Outside of the Commuting Students Representative’s portfolio on the Guild, what other consistent pursuit has the Guild made to directly impact commuting students? Off the top of my head, the Guild Bus system is the only other service I can think of which is offered to commuting students and one I must say is very relevant and efficient; but not enough. If the Guild does not revise its approach to governance to be more inclusive and constituent-oriented, then they will never get the level of participation they truly want; and the Guild as an organization will never reach its full potential. Ever.
Now you might be wondering what then will it take to usher in this change in participation on a whole within the Guild of students, and the answer is simple: Better Representation. The leaders of Council must adapt an inclusive approach to the representation of the Guild of students that actually reflects ALSO the majority of the Guild of students being commuting students; and not concentrated around the needs and affairs of residing students only. This approach must be applied right across the board for the greatest chance of increasing participation on a general level; because even the residing students who are apathetic to the institution may develop an inclination to participate when they see a difference in leadership.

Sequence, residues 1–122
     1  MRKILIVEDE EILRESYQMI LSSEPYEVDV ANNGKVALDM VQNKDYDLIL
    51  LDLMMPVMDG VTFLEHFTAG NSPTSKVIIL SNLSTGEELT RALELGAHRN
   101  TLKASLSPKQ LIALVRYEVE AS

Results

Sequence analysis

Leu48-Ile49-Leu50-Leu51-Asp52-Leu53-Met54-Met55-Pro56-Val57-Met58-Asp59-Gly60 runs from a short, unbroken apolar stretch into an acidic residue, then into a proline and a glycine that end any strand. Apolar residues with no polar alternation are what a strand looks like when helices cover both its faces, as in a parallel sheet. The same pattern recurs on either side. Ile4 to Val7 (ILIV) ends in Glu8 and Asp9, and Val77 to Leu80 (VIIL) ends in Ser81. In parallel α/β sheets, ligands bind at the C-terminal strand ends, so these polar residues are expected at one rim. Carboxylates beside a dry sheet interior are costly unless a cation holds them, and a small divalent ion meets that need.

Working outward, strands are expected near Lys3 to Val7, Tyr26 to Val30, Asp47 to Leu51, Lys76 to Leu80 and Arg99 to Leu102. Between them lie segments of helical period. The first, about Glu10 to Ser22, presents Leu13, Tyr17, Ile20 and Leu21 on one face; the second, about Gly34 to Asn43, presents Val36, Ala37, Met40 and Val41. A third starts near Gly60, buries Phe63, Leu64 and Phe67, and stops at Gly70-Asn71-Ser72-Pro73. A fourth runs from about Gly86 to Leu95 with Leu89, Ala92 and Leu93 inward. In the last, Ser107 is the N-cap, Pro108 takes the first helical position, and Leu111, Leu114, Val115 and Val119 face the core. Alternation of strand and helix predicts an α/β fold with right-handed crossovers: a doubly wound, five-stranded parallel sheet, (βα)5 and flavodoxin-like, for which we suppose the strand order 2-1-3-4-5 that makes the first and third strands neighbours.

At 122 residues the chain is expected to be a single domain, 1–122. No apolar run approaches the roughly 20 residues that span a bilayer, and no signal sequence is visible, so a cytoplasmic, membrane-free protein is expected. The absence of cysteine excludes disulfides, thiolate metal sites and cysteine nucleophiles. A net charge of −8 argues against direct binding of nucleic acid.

Sporting events for one, should be planned and organized more creatively to level the playing field for all competitors; and not put commuting students at a geographical and financial disadvantage in participating. Staple events on the Guild calendar such as Fresher’s week need to be planned earlier in the day (or necessary arrangements for transportation be made available after hours) to facilitate commuting students who live outside of Kingston and St. Andrew. The current Communication model utilized by the Guild needs to be revised entirely to be a more proactive and engaging means of reaching the people on the ground; most of which are actually commuters. The Council for some time has focused too much on its social media arms to reach its students, and this I believe is mainly the reason why participation has remained at dramatically low levels. The Guild needs to step outside this “the social network box” and do more interaction on the ground. I can guarantee that this would reap great returns for the Guild both socially and commercially.
It is time that we do away with old norms and traditions and adapt to this dynamic space that we are currently in; a space that requires greater engagement of constituents and the kind of innovative leadership that will impact the Guild of students on a whole. I hope, especially, that the candidates for Guild president take heed to my “foolish advice”, and not conform to a current practice of leadership that has been grossly ineffective for some time now. The power is in the people; the choice is now yours if you want it.